Found by police wandering the streets of Jacksonville, IL early in the morning of Oct. 11, 1945. Deaf and mute, he was unable to communicate with anyone, and no relatives could be found. According to the police report, the name "George Dunkley" was written in the young man's vest when he was picked up, so that might have been his name. However, the records also show that no one by that name was ever reported missing, so "Doe" may have gotten the vest from someone else. He was labeled "feeble minded" and sent by a judge to the Lincoln State School and Colony, a notorious mental institute in Jacksonville. He soon became blind also, possibly from diabetes but also possibly from the abuse and mistreatment he got in the institution: beatings, hunger, overcrowding, and the generally dehumanizing treatment of inmates. Since he was unable to tell anyone his real name, the mental health system labeled him "John Doe no.24", though hints of his identity and former life would surface during his 30 years at the Lincoln colony and 18 more years in various other institutions, the last 6 at the Smiley Living Center in Peoria: He would scrawl the name "Lewis", and pantomime jazz bars and circus parades. But his true identity will probably never be known. During his stay in the Springfield ARC (Association for Retarded Citizens) Center, the surname "Boyd" (i.e., John Doe Boyd) was assigned for reasons now unknown. In 1993, he had surgery for colon cancer, but his health continued to decline and he died of a stroke 3 months later. After his death, the noted country-music singer Mary Chaplin Carpenter read of him in The New York Times and was moved to write and perform a song, "John Doe no.24", and to purchase a headstone for his unmarked institutional grave. His story is told in the book God Knows His Name: the True Story of John Doe no.24 (2000).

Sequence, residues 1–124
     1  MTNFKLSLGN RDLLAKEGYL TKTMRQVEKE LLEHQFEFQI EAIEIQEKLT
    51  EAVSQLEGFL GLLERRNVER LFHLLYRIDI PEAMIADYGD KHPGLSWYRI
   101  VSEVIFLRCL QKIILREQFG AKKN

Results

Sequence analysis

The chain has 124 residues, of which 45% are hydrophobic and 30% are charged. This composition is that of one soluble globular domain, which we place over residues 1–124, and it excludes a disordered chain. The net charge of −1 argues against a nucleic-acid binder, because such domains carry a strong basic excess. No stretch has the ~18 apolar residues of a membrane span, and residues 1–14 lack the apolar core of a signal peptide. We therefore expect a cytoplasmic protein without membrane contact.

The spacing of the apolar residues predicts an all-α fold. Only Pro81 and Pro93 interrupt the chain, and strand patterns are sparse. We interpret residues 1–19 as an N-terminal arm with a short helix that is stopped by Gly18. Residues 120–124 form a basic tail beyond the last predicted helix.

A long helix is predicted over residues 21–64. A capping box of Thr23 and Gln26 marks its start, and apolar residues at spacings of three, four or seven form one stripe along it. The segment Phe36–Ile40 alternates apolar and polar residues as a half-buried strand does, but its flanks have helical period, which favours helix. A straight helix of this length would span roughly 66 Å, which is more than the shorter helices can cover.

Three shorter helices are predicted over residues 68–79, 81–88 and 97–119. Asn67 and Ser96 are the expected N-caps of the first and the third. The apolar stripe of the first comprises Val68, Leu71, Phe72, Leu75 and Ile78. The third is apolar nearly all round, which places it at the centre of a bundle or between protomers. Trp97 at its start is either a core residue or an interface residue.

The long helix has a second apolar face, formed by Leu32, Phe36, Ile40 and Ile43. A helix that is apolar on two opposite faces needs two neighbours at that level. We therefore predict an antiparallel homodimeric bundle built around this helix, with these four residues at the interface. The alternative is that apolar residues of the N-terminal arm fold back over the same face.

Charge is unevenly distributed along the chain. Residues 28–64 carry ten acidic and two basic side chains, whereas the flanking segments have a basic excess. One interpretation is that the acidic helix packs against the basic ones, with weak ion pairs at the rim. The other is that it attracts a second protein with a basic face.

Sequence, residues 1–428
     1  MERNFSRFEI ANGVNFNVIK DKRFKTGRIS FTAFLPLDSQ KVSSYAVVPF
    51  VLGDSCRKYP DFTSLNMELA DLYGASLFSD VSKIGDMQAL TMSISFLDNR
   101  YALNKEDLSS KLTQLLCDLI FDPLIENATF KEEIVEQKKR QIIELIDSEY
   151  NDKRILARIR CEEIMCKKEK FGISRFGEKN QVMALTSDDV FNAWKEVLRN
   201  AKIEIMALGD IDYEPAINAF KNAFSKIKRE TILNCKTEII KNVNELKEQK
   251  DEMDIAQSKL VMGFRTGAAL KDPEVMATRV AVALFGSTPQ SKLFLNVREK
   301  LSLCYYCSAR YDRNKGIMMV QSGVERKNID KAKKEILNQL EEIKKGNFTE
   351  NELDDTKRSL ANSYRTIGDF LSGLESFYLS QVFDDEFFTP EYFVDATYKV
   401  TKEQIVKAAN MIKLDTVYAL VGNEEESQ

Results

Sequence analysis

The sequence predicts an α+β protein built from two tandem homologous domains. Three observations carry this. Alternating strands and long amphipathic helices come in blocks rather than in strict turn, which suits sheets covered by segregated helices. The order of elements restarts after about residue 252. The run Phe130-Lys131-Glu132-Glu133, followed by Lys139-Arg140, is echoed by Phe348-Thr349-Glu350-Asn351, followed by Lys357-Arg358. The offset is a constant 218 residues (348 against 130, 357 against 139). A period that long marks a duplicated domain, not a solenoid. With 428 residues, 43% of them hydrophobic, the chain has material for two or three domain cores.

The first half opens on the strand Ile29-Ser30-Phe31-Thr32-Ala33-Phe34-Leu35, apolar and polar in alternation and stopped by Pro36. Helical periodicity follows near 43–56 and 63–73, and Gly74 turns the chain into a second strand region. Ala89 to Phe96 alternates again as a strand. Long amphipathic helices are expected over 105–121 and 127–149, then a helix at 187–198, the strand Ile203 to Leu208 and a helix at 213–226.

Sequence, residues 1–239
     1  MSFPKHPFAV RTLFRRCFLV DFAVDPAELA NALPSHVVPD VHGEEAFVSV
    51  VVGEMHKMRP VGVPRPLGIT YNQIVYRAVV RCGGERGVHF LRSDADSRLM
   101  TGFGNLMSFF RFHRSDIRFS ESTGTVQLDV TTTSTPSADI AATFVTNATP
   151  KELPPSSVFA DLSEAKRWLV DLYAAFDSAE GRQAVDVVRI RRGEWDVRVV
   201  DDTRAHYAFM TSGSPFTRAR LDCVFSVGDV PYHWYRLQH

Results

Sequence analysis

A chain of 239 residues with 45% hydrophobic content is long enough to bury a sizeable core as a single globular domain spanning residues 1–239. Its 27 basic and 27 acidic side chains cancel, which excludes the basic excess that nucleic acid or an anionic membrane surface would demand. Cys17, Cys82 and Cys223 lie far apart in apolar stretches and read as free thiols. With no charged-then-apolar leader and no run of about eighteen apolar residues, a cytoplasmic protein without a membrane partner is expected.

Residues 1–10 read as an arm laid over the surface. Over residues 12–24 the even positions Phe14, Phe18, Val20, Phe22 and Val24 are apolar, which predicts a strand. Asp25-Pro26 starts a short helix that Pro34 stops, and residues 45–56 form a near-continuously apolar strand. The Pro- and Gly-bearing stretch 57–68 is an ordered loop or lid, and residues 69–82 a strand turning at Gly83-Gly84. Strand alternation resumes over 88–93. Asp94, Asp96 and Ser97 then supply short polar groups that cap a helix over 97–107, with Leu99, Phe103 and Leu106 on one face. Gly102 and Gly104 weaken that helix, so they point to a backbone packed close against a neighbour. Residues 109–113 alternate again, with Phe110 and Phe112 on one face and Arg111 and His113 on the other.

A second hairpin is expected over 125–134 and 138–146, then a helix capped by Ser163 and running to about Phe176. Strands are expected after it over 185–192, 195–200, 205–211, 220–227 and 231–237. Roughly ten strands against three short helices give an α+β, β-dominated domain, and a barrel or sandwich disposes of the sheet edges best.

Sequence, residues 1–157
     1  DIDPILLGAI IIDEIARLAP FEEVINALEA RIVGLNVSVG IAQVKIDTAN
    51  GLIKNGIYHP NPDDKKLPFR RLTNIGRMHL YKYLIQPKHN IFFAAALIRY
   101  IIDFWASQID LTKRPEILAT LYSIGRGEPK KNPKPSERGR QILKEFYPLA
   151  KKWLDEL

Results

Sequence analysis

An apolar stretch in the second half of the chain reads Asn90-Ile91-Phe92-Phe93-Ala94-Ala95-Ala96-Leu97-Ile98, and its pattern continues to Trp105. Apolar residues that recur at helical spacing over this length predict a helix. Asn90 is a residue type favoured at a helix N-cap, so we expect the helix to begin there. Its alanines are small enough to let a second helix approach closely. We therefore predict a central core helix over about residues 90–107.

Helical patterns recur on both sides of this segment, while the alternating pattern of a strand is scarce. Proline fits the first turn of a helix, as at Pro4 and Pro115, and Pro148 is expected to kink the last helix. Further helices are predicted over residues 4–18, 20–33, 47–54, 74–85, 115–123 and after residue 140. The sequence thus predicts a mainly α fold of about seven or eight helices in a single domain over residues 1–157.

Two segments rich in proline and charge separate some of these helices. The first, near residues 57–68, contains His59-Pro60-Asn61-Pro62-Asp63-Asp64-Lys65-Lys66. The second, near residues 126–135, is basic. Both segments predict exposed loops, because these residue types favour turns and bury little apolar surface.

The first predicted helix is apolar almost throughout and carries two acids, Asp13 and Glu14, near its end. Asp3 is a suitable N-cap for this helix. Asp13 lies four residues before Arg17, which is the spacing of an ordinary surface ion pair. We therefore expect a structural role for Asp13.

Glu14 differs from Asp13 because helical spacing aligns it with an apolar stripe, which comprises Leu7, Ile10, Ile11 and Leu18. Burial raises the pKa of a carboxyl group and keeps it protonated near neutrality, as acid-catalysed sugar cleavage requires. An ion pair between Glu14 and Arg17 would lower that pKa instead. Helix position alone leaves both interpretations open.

The New YorkTtimes, Dec.5, 1993, section 1, p.48.
1929?-28 November 1993